11. Zac Dysert, Miami (Ohio), 6-3, 231: He has an NFL body and delivers the ball impressively. He is a good athlete with some running ability. Some question his football character. The system at Miami did not challenge him as a passer the way he will be challenged in the pros. He helped himself with an impressive performance at the Senior Bowl but has not interviewed well, according to an NFL front-office man.
12. Seth Doege, Texas Tech, 6-1, 200: This undersized passer impressed scouts in the East-West Shrine game. Doege is an accurate thrower who could fit in a West Coast system. He sees the field well and makes decent decisions. His talent level is marginal and he is considered an NFL backup at best.
13. Collin Klein, Kansas State, 6-5, 226: He is the 2013 version of Tim Tebow. Some NFL teams think he would be a better tight end than quarterback. He started out as a wide receiver. Klein is not a very talented passer, as his delivery and accuracy are lacking. But he is quite an athlete, he has really good size and he can move. Klein is tough, and he is a natural leader.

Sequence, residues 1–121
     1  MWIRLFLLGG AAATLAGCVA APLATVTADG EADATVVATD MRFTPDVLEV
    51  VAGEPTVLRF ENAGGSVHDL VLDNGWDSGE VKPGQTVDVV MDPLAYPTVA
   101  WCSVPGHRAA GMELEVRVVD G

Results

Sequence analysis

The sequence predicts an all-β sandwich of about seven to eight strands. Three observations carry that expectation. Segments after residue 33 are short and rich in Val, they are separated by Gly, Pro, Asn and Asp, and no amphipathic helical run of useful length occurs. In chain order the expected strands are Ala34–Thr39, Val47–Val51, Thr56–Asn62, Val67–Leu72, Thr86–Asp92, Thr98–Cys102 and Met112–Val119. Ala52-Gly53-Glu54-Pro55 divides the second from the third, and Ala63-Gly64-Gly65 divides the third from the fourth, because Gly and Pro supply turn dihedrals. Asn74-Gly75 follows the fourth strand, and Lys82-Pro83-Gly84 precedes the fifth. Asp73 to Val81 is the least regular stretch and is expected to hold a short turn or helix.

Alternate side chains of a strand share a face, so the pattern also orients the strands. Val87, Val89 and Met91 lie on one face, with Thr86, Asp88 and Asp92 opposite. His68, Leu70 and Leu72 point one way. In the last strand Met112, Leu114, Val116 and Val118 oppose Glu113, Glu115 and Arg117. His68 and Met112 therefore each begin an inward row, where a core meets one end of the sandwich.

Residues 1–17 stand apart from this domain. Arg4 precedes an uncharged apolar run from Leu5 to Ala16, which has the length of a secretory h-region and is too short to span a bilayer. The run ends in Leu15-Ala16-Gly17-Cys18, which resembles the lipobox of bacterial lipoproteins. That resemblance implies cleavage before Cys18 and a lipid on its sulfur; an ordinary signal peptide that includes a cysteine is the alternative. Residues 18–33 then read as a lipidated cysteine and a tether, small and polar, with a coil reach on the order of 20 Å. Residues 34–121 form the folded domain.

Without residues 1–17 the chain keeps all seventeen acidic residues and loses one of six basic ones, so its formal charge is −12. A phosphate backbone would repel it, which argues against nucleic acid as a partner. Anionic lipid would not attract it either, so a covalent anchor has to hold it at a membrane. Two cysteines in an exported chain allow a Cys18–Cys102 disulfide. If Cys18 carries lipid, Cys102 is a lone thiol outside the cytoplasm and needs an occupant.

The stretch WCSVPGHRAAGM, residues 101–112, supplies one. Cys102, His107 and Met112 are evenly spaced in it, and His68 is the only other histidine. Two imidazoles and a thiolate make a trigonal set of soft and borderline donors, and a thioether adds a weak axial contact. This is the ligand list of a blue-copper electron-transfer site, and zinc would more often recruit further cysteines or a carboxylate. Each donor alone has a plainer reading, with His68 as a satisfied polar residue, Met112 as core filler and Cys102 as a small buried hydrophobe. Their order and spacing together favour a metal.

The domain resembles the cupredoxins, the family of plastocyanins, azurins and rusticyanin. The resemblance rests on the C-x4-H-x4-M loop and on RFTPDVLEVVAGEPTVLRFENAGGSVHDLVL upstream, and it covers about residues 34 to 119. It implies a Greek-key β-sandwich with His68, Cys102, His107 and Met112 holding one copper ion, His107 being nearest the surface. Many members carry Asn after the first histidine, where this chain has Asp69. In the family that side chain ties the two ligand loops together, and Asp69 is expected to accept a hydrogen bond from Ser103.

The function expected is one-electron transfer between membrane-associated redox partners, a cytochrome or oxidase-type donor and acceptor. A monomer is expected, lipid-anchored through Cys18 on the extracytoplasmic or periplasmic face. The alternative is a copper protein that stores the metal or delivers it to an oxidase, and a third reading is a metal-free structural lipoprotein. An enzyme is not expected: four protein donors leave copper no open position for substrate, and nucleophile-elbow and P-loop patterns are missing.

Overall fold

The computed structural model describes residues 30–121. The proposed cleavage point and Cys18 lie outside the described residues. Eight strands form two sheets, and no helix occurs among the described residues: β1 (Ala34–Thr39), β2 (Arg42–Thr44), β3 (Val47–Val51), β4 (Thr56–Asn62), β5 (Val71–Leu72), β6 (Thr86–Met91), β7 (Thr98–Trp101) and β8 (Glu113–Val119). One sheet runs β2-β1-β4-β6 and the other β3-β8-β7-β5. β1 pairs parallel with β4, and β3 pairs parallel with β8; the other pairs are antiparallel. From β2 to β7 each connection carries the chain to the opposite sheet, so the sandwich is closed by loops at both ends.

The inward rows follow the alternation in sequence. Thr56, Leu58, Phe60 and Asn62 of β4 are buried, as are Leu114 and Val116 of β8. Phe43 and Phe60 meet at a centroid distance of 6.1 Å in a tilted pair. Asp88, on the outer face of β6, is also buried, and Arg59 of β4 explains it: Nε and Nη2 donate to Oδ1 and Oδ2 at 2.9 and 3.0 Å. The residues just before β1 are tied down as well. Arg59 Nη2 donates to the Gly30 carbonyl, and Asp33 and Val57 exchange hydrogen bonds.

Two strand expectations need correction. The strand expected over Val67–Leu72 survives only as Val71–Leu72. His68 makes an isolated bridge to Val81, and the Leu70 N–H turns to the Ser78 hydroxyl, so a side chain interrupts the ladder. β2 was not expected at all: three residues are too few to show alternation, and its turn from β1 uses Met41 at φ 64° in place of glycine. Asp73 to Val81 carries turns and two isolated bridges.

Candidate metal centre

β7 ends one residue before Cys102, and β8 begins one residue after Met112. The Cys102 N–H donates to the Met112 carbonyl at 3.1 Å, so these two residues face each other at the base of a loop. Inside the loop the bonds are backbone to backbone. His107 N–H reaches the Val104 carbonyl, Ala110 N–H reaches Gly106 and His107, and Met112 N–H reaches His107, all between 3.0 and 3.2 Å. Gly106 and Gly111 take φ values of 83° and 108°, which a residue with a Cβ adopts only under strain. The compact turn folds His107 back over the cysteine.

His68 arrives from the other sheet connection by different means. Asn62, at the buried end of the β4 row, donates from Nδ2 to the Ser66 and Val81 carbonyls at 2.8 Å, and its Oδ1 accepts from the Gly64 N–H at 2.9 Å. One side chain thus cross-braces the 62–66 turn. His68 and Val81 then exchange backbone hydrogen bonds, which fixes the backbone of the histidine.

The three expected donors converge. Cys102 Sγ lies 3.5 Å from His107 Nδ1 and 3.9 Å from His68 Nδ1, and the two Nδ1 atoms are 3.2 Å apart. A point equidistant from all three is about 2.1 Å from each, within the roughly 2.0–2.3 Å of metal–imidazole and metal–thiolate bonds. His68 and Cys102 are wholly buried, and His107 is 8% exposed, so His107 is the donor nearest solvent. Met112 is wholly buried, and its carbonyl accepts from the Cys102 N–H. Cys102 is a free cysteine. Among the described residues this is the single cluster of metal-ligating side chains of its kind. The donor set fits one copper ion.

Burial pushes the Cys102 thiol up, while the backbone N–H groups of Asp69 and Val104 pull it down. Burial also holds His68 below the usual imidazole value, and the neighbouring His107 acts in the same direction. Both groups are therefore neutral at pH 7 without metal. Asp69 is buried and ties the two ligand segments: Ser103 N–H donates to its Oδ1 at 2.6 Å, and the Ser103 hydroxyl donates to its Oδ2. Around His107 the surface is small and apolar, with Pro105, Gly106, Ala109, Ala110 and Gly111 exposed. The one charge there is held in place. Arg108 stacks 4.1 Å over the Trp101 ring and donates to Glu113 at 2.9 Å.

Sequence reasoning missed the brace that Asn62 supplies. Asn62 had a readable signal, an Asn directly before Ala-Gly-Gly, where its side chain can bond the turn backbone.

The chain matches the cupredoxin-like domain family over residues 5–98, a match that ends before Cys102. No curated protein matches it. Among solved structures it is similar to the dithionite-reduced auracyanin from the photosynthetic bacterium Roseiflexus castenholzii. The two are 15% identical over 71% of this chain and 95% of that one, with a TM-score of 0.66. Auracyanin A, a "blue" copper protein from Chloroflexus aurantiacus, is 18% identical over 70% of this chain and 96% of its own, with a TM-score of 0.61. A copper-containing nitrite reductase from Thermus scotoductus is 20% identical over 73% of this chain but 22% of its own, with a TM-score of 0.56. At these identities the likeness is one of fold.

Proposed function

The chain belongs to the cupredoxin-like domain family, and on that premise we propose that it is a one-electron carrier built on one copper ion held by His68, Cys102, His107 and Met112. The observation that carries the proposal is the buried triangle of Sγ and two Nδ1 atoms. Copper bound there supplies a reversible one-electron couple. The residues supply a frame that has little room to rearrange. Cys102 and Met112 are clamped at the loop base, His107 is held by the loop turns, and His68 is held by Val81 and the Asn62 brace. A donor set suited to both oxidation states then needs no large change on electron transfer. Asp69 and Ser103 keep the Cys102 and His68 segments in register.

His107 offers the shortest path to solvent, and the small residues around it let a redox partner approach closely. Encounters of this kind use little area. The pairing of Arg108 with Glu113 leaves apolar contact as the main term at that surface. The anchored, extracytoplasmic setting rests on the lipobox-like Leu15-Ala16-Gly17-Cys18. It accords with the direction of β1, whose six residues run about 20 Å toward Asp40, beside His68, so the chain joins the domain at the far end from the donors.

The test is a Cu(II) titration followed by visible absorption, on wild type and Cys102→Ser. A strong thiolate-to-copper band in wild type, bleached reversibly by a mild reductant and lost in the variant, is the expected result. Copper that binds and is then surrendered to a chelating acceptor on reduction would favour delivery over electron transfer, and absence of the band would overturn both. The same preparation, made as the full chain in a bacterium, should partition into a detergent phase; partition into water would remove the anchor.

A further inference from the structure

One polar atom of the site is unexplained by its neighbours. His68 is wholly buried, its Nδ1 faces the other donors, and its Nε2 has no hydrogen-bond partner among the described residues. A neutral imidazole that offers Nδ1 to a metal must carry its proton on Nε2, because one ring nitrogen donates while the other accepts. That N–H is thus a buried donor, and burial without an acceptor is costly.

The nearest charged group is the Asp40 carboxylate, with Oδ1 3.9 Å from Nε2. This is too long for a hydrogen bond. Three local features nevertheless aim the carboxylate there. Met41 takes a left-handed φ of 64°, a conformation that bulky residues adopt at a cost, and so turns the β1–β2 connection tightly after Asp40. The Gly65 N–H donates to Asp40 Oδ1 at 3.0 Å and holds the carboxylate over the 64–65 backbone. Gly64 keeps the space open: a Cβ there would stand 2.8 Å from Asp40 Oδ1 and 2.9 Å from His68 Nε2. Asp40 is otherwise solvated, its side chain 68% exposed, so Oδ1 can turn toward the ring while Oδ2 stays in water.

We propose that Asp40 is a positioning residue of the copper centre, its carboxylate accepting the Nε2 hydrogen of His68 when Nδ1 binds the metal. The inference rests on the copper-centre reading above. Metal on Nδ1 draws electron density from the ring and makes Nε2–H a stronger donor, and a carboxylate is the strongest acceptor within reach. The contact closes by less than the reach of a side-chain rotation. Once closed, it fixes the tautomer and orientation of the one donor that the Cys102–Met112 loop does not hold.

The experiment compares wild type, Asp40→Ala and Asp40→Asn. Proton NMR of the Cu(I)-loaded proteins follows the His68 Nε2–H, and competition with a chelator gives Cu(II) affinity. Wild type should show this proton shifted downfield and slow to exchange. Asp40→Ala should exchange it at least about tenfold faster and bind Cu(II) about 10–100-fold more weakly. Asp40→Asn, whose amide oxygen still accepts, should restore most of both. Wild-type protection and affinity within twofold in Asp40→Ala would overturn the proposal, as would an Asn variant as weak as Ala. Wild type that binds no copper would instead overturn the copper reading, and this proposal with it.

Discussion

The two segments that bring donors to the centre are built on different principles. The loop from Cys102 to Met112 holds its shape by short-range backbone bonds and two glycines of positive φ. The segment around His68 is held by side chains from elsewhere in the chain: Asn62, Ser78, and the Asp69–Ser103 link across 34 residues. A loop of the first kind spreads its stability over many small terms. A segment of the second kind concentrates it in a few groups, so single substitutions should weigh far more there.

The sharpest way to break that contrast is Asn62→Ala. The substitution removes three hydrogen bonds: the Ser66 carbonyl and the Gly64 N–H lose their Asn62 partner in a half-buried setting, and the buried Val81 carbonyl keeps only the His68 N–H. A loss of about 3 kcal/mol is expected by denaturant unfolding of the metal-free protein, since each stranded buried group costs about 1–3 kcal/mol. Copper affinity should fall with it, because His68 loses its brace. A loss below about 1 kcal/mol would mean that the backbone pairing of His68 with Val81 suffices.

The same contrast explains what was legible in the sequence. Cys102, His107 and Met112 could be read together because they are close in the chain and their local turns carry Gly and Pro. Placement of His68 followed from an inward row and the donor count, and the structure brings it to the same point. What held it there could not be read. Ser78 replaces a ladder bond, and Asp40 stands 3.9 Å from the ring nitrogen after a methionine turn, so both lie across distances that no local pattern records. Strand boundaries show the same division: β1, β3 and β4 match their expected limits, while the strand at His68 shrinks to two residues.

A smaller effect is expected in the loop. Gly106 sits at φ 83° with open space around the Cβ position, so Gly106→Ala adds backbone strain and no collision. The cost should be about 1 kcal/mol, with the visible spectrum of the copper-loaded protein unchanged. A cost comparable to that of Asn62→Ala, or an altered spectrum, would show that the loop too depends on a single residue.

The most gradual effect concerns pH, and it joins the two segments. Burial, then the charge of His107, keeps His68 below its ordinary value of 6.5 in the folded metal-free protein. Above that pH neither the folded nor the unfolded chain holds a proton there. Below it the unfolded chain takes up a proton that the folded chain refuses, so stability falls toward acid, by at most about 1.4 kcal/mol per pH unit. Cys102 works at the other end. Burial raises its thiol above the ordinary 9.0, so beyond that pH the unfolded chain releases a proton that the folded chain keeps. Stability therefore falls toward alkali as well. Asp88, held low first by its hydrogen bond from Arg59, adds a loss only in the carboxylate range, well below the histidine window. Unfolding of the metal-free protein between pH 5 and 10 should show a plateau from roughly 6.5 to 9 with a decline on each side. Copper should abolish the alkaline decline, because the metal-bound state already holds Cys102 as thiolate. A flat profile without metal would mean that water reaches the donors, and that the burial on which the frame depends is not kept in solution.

Ryan Griffin, Tulane
Jeff Tuel, Washington State
Colby Cameron, Louisiana Tech
Alex Carder, Western Michigan
Brad Sorensen, Southern Utah
Nathan Stanley, Southeastern Louisiana
Jordan Rodgers, Vanderbilt
Matt Brown, Illinois State
The Bears have three quarterbacks on their roster but could choose another. They lost primary backup Jason Campbell in free agency and could use a strong replacement. But the real issue is having a succession plan in place. Jay Cutler's contract is up after the season, and his future in Chicago is far from certain. As it stands now, the Bears don't have a quarterback who appears capable of replacing Cutler as a long-term starter. So drafting a quarterback — even drafting one in the second through fourth rounds — should not be ruled out.
Next: Running backs